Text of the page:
As a result, manufacturers and suppliers alike have a plethora of factors to consider not only when selecting and formulating new products, but when conducting research as well.

Formulation & Research

When it comes to product formulation, a fundamental detail to be aware of is how it appeals to the consumer.

If it is convenient through its delivery methods, it gives customers a chance to choose from various options that suit their specific needs.

“In order to gain the most benefit from the product, it must be taken regularly—therefore, it is important to be able to offer different delivery options to best suit the preferences of the individual consumer,” Daigle said. “Newer delivery systems such as functional foods and beverages help to attract a new segment of potential consumers that may not be interested in taking another pill. The wide range of OptiLut Lutein offerings ensures ease of formulating lutein and zeaxanthin into just about any type of product, from traditional soft gel and capsule applications to functional foods and beverages.”

However, a successful production process all starts with establishing a good work relationship.

When selecting ingredients and formulating new products, for long-term success, manufacturers need reliable suppliers who have a strong industry background. “Manufacturers should ask about the science and ongoing technical support behind an ingredient,” noted Snyder. “Kemin has a track record of science in the eye supplement area, with a statement we stand behind: ‘Science-Backed, Not Borrowed.’”

As stated earlier, the development of AREDS and AREDS II helped shape vision health research to what it has become today.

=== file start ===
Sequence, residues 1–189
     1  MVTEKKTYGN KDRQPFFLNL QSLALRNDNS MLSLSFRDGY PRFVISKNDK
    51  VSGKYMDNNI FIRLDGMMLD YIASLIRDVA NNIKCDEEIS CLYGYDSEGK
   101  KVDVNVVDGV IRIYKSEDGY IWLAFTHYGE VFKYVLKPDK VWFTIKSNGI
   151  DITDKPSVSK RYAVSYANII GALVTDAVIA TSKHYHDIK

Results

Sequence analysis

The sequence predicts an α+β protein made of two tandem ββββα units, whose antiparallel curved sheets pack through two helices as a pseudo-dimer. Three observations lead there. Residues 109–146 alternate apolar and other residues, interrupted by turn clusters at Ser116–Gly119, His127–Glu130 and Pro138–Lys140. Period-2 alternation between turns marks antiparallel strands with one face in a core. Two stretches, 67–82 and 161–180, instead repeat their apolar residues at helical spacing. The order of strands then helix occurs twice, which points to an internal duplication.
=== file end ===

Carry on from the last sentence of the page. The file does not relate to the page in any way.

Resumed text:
“The core study that linked nutrition and supplementation with vision health was the AREDS (age related eye disease study). This mega study triggered a list of scientific investments searching for a better understanding of the relationship between nutrition and vision,” said Golan Raz, vice president of health and nutrition at Lycored (part of the Adama Group), which has a location in New Jersey. “The follow-up study known as AREDS II took additional steps in the investigation of the effect of specific nutrients on age-related eye diseases.

“Also, pre-clinical studies added to the overall body of knowledge we currently have in this area. A good example is the discovery of the importance of tomatoes: lycopene for vision health. The insight here is, that lycopene plays a major role in the protection of lutein on its way to the macula. Such findings are helping formulators to improve their products and help achieve better efficacy.”

The range of research, development and studies surrounding the largest matters at hand are proving to be effective, as the proper professionals are gathering data that could be useful down the road.

“With a market that includes infants, children, adolescents, Millennials and adults who are increasingly exposed to high-energy blue light, we expect the macular carotenoids will be a critical addition to visual health and performance,” said Doyle. “Because of our ‘digital lifestyle,’ people are increasingly exposed to high-energy blue light from sources including computer screens, tablets, smartphones, energy-efficient lights and even sunlight. Consumers and eye care professionals are becoming more aware of high-energy blue light and how it can impact visual health.” NIE

References:

1. The Vision Council. (2016) Eyes Overexposed: The Digital Device Dilemma. www.thevisioncouncil.org/sites/default/files/2416_VC_2016eyestrain_report_web.pdf.

2. Johnson E, Maras J, Rasmussen H, and Tucker K (2010). Intake of lutein and zeaxanthin differ with age, sex, and ethnicity. J Am Diet Assoc. 110: 1357-1362.

For More Information:
Charles Bowman & Company, (616) 786-4000
Kemin Industries, Inc., (515) 559-5100
Lycored U.S., (844) 668-2483
NutriScience Innovations, LLC, (203) 372-8877
OminActive Health Technologies, (866) 588-3629